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3 Shining Beacons of Light in the World of Leadership


December always seems to be a paradoxical time of year where time feels like it stands still and flies past at the same time. I seemed to have blinked and all of a sudden the kids were singing Christmas carols and making their wish lists for Santa. As panic started to set in at the thought of braving the shops, I stopped and took the time to write and reflect instead. (sigh of relief!)

2018 has been an amazing year for me. The people I’ve met, stories I’ve heard, and challenges we encountered politically, environmentally, and emotionally all contributed to a full on human experience. It has made me think about what shining beacons of light there are in the world of leadership.

So, without too much fanfare, here are my top 3 leadership reflections for 2018:

1. #Leadership does not have to be a solo experience – many of the leaders I worked with this past year admitted to how lonely being a leader felt at times. To them, it meant needing to have all the answers, being on top of everything going on, and being able to bend and flex to their team members’ needs. That’s what good leadership is, right? WRONG! Leadership can be a shared experience. The first thing I tell new leaders is to find a few trusted advisors to surround themselves with. It is the support of these trusted advisors that can help you clarify your thoughts, provide perspective, and help you create and implement solutions. Trusted advisors can be your own team members or leaders, peers, mentors, family or friends, or a professional coach. It doesn’t matter, as long as you can speak freely with your trusted advisors, which is the most essential way to avoid the loneliness trap. Having supporters in your corner builds your confidence and will enable you to thrive as a leader in the long term.

2. Leadership is not a “thing” nor is it an achievement. It is a human experience – Some people I encounter seem to chase leadership as if it is a status or thing to be obtained or achieved. If you come from this mindset, you may not realise that once you have it, you still have to tend to it. *sound of penny dropping* Tending to your leadership is one of the greatest human experiences that one can be privileged to have (personally, I’d say on par with being a parent and raising a tiny human). It gives purpose, meaning, and joy to the way we develop and grow in our lives. It starts with you simply asking yourself, “what kind of leader do I want to be?” Already have an answer? Then go forth and create that experience.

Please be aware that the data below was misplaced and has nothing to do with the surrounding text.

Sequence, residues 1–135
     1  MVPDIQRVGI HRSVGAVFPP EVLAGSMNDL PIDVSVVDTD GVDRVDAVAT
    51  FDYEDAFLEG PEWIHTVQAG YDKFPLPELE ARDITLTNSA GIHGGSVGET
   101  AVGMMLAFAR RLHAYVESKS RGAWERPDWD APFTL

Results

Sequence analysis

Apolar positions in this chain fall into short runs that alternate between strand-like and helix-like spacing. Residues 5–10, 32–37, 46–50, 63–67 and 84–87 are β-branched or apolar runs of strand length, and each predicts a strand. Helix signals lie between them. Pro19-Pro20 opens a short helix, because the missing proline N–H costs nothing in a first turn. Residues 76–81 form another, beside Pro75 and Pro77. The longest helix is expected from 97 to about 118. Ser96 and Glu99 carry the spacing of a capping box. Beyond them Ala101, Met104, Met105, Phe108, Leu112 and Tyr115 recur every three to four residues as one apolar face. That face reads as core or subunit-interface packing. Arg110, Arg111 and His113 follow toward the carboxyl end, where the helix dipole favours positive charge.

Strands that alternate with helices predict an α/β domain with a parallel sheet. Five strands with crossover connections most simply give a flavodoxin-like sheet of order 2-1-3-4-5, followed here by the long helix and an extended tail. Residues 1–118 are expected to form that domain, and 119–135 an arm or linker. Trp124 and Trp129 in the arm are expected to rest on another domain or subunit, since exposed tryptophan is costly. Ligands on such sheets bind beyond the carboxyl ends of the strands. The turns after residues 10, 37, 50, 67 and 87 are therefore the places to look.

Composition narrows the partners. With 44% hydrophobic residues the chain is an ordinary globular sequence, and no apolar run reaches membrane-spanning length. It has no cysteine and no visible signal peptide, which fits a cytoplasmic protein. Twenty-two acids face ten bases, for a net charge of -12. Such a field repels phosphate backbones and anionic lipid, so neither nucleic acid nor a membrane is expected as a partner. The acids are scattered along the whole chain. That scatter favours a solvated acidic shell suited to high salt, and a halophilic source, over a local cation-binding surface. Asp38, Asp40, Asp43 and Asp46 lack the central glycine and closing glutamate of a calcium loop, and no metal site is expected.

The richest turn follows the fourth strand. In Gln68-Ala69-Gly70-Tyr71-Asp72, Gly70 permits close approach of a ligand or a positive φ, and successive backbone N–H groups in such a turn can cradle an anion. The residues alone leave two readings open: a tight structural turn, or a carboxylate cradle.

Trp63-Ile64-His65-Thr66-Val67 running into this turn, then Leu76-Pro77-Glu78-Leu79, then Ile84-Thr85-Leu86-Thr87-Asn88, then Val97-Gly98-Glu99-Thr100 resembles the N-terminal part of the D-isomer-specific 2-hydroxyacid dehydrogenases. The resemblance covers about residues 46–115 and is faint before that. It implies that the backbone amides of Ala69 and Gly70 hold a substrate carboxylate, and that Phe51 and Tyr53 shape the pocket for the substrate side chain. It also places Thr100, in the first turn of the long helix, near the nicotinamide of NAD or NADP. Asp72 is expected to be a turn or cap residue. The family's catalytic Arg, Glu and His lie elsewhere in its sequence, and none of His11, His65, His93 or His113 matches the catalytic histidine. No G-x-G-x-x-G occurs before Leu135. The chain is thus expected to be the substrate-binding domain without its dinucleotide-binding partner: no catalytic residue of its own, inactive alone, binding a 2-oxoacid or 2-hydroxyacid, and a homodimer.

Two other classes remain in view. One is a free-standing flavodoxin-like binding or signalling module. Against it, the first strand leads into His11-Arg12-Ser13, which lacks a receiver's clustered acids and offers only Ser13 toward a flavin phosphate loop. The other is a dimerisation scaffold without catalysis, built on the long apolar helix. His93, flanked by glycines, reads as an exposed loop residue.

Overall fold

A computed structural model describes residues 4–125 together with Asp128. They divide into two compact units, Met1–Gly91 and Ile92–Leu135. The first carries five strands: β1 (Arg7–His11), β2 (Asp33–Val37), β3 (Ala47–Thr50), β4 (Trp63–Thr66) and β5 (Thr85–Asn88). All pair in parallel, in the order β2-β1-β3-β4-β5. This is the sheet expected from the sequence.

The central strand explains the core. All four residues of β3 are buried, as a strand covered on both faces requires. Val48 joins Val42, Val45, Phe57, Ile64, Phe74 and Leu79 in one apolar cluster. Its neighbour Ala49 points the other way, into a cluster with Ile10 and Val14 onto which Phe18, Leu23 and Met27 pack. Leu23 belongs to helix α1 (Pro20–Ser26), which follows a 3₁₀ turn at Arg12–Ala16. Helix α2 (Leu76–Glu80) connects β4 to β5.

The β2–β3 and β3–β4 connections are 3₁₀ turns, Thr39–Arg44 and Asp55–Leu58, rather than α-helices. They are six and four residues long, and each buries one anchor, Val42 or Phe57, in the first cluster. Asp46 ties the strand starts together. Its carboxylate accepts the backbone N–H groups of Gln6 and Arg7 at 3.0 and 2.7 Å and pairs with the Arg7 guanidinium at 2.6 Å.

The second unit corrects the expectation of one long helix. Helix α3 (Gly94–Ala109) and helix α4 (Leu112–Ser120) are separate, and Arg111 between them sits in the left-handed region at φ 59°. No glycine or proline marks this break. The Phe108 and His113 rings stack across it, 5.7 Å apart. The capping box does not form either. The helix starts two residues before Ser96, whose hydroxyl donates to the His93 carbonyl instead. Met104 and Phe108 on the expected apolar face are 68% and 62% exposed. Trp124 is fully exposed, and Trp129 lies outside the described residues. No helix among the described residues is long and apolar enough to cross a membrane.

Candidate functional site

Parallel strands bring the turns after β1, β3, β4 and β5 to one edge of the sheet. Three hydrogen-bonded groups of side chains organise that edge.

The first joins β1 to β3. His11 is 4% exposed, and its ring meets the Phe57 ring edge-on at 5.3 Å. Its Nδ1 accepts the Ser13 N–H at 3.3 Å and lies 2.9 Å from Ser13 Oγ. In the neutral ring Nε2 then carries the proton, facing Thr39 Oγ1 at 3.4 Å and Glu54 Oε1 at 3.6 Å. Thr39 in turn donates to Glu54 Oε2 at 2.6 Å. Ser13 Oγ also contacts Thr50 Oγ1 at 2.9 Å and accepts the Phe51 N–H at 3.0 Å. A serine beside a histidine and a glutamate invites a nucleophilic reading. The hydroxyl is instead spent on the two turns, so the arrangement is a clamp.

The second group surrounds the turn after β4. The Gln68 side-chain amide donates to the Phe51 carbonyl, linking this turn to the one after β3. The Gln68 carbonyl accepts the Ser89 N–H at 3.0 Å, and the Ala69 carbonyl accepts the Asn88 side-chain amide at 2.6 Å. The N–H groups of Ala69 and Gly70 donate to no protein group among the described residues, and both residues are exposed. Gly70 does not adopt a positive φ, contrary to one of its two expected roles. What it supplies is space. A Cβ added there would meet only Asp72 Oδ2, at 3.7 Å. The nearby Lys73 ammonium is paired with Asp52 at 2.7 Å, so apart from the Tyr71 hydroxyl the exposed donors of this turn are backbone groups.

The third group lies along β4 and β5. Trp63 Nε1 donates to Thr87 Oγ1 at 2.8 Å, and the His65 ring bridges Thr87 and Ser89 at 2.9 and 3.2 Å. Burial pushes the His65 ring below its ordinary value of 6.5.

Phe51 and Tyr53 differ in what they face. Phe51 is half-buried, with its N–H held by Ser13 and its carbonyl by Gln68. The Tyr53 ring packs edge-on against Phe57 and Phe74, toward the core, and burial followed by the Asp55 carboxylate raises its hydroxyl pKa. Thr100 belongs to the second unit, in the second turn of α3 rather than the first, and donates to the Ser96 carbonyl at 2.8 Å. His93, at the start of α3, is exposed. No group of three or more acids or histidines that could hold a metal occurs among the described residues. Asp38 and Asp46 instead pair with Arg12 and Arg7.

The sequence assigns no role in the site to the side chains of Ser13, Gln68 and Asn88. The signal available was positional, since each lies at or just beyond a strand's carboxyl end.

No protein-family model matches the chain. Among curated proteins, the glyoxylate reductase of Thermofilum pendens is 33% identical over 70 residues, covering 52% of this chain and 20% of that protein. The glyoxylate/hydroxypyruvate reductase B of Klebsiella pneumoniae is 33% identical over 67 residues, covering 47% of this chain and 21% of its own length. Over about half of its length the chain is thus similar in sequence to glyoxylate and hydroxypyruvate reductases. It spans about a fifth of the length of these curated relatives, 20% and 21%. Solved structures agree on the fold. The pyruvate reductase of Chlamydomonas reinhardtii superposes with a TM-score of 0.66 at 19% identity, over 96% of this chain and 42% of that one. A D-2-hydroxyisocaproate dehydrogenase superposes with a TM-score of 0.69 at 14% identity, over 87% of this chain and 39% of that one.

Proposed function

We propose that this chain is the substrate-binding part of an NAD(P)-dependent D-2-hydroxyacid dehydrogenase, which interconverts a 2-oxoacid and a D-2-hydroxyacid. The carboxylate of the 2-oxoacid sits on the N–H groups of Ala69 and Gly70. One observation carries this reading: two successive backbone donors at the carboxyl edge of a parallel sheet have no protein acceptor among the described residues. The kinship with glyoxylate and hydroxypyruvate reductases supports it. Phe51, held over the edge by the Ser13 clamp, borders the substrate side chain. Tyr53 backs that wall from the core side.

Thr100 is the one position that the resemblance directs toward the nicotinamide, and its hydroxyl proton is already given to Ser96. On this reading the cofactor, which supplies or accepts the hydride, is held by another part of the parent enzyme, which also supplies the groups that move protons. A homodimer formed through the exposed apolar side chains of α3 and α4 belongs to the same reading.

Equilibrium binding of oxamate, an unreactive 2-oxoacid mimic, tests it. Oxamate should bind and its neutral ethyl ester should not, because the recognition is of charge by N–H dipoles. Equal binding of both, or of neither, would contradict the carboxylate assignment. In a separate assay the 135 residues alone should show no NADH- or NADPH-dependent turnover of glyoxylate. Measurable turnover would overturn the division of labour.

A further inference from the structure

3. Leadership is accessible to all – if leadership is a human experience, it can truly be accessible to all. Anyone can be a leader. Sometimes people tell me they wish they could do what I do, and then I tell them “of course you can, but you’re also not me. So figure out what you want to do, and go do that instead.” So perhaps as we wind down 2018, you can start to ask yourself, what is the one smell step I can take to be the leader I want to be?

Sometimes reflections are hard earned, and 2018 was all about me leaning into my own leadership journey while also supporting others in theirs. I started Humans Who Lead at the end of 2017. It has been a slow and steady journey, and along the way, I got better at asking for help. I got better at surrounding myself with people who lifted me up and whom I didn’t feel judged by, the ones that I could say anything to without feeling stupid, the ones who could still give me compassion when I couldn’t filter my words so politely. I created my own panel of trusted advisors, whether these people knew they were on my panel or not. They helped my leadership thrive.

Related: 3 Critical Roles Future Leaders Must Play … and They’re Not What You Think

As an OD practitioner, I told myself that the type of leader I wanted to be was the one who supported from the sidelines. Not pushing others from behind, rather walking side by side in someone else’s growth journey. I also wanted to be a convener, to bring others together to learn in community rather than be dictated or lectured to. I learned to let go of control and invite other voices, and wow did we learn together. Sometimes this approach resonated, other times it didn’t. I let that be ok and stayed true to myself.

Then I asked myself what I could do to support more from the sidelines and convene others? In 2018, I taught my first master’s course in coaching to build our future leaders, I mentored junior team members, and I coached some impressive people. I helped to convene a #LiberatingStructures community in AU and hosted my first Sydney OD and Change Knowledge Sharing MeetUp with 78 members and counting, with many more MeetUps to come in 2019. These were some first big steps in my leadership experience, with many more to come.

So, what will 2019 bring for you and your leadership? Let us find out together. Wishing you all, dear readers, the most joyful festive season and a happy, healthy new year. See you in 2019! And remember, you are capable of far more than you think.

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